Other benefits are sustainability and cost, as VPPs can incorporate renewable energy sources like wind turbines, solar parks and battery farms, which are cleaner and often cheaper than fossil fuels, but typically can’t generate enough energy on their own to power an entire grid.

“Renewables are positioned to overtake coal this decade as the most popular way to generate electricity,” author Jennifer Castenson writes in an article for Forbes.com, in which she says solar power is now cheaper than natural gas and coal across most of the United States. 

“Those cheaper costs along with government efforts to slash climate-damaging emissions will increasingly push coal off the grid and give renewables 80% of the market for new power generation by 2030 … This accelerating trend is paving the way for the virtual power plant.” 

With VPPs, energy consumers can not only consume electricity, but also supply it, selling back to the grid the energy they generate from home solar arrays, batteries or other on-premise energy sources. For example, South Australian electricity provider Energy Locals and automaker Tesla are collaborating on South Australia’s Virtual Power Plant, which eventually will comprise up to 50,000 solar and Tesla Powerwall home battery systems. Homeowners who install the systems are expected to cut their electrical costs by more than 22% compared to the standard electricity price, Tesla says.

Yet another benefit of VPPs is security. As the Colonial Pipeline hack illustrates, traditional infrastructure is increasingly vulnerable to security breaches by hackers and other bad actors. If a traditional power plant is compromised, the whole plant goes down. With VPPs, however, there is built-in redundancy that mitigates risk; if a hacker brings down a single asset in the network, the network’s other assets can continue operating.

VPPs can be protected using the same security methods that are utilized in edge computing—i.e., computing where processes and applications operate as close as possible to data’s point of origin, like running mobile apps on smartphones instead of on remote servers. For example, VPPs can be protected with edge-based firewalls, researchers suggest in the March 2021 edition of the journal Energy Informatics.

Edge security is a well-recognized concept used to protect users and apps at the farthest reaches of a network. That information is protected using a built-in security stack to thwart “zero-day” threats, malware and other vulnerabilities at the point of access. Using this method, network operators can securely steer traffic to the nearest point of access, according to digital technology developer Citrix.

Manufacturers and others that use edge computing are investing heavily in solutions that will keep their technology secure. Those investments undoubtedly will benefit other users and use cases—including VPPs, which will continue to benefit from security advancements in the many other sectors that utilize edge computing.

In the Cloud and on the Edge

Their benefits have persuaded many industry experts to predict swift growth for VPPs. The consulting firm Fortune Business Insights, for example, predicts that the global market for VPPs will reach $2.85 billion by 2027, an increase of 27.2% over 2019, when the market was valued at $87 million.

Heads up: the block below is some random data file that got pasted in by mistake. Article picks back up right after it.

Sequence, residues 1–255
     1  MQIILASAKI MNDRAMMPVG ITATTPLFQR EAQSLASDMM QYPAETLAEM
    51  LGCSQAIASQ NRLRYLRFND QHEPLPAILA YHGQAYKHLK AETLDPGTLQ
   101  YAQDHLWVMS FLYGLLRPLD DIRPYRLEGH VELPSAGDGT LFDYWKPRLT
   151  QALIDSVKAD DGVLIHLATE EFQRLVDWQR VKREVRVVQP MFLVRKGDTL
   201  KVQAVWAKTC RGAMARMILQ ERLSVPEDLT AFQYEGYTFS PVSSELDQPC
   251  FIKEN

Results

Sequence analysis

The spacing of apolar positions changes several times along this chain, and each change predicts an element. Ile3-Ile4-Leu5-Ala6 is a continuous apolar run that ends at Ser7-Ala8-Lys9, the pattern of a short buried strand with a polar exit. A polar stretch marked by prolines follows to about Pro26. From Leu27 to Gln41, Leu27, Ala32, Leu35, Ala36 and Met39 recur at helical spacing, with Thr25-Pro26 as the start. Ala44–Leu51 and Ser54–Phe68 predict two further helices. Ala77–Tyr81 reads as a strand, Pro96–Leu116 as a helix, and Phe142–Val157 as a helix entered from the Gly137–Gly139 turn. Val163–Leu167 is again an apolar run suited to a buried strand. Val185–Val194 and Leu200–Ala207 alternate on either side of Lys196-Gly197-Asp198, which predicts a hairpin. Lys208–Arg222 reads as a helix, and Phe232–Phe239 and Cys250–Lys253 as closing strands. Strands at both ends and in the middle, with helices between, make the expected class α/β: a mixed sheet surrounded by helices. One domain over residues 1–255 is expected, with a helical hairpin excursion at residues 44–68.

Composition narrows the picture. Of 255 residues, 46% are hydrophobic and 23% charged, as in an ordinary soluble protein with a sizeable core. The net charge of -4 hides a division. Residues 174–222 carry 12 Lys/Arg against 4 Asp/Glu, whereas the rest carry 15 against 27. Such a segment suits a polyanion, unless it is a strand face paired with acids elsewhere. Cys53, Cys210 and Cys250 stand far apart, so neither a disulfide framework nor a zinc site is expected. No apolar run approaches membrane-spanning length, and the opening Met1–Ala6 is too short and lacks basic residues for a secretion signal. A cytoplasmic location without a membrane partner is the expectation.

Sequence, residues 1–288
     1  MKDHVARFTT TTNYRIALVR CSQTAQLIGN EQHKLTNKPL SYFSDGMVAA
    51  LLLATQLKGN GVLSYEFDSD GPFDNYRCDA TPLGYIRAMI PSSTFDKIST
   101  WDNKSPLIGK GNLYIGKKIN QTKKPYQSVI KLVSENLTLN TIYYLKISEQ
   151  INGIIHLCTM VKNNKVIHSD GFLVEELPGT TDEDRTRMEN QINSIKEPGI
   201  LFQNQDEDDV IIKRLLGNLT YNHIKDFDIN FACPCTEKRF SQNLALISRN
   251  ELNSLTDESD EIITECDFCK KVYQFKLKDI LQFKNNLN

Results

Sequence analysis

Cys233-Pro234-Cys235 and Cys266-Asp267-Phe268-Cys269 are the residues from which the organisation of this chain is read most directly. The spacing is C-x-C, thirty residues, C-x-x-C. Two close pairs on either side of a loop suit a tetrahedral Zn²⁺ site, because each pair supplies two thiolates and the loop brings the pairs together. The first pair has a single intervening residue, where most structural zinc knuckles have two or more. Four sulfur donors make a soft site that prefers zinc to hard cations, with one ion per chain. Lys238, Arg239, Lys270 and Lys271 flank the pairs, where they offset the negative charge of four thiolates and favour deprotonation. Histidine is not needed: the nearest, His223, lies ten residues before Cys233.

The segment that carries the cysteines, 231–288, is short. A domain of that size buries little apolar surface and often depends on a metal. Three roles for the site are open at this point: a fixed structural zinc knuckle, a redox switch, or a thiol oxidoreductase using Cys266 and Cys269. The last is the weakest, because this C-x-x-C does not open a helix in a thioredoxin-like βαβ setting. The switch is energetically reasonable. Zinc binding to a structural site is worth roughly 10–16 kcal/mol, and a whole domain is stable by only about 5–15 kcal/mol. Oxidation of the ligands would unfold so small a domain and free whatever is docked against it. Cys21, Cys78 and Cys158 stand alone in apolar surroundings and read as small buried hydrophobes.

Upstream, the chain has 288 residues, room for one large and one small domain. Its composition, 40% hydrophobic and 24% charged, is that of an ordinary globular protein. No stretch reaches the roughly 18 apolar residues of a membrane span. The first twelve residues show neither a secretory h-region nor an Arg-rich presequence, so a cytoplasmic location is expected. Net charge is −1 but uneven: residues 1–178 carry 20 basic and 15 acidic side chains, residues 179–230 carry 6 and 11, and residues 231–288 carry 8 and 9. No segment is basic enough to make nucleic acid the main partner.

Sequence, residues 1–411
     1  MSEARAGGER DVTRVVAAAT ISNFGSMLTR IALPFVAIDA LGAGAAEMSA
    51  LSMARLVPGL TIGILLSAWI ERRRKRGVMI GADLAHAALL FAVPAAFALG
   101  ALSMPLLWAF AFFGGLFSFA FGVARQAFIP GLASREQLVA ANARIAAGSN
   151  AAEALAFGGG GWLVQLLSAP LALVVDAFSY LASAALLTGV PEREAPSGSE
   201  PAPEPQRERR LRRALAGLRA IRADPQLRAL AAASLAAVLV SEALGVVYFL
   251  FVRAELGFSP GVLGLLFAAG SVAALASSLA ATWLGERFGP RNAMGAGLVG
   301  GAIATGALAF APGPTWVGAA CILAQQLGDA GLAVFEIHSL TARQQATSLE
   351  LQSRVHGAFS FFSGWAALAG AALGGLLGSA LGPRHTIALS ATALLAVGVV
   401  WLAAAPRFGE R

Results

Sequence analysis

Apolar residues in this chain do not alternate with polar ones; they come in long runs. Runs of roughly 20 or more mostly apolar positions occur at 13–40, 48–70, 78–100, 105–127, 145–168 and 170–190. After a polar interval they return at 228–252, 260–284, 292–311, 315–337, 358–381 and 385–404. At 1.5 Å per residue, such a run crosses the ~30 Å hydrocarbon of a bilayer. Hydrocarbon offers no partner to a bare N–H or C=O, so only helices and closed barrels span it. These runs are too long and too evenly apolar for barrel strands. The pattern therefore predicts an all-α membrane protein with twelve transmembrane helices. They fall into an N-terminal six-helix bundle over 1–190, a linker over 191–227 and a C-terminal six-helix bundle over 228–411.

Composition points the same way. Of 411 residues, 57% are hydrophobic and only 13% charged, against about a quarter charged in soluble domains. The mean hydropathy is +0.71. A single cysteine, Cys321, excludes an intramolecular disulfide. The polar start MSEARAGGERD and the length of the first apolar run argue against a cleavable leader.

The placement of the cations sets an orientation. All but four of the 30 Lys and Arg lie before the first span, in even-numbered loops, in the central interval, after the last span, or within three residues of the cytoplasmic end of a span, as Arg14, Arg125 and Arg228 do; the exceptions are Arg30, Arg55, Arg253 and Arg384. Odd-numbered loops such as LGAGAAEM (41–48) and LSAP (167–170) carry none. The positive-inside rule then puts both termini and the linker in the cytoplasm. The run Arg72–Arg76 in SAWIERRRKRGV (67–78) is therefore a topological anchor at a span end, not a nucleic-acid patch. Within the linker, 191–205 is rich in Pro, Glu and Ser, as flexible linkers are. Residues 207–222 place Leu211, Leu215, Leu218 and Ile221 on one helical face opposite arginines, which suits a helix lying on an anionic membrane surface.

“The electricity networks of 2030 will not use digital, they will be digital,” says Matt Rennie, a strategic regulatory advisor at Rennie Partners, an Australian firm that provides energy advisory services. 

“By 2035 to 2040, the electricity system will mostly constitute decentralized Internet of Things devices effectively communicating through virtual power plants and distributed energy systems.”

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Cloud and edge computing are enabling technologies that will turn his predictions into reality, according to Rennie.

“As VPPs become integrated into the power system, the use of cloud and edge will become one of the defining features of security, resilience and processing speed,” he said. 

He added that cloud and edge computing will operate in tandem – although it’s not yet clear how VPP workflows will be delegated between them. Some devices can be safely and effectively connected and coordinated through the internet, for example, while others, like those with direct access to critical infrastructure, cannot be. 

“As the number of VPPs rises to hundreds of thousands, each communicating with household IoT and with each other, which information should be processed locally and which can be sent to the cloud will become the new exam question,” Rennie said.

Although practical questions remain, such as how best to govern and deploy a network, VPPs’ strategic value is obvious: improved cost, reliability, capacity, environmental sustainability and security.

Never mind that they don’t occupy the same physical footprints as traditional power plants. VPPs can be there when needed. And that’s important. Just ask those who warmed themselves with open oven doors in Austin last winter, or those who fruitlessly sought air-conditioned comfort in Portland this summer.

Jean Thilmany is a freelance writer living in St. Paul who writes about engineering and technology.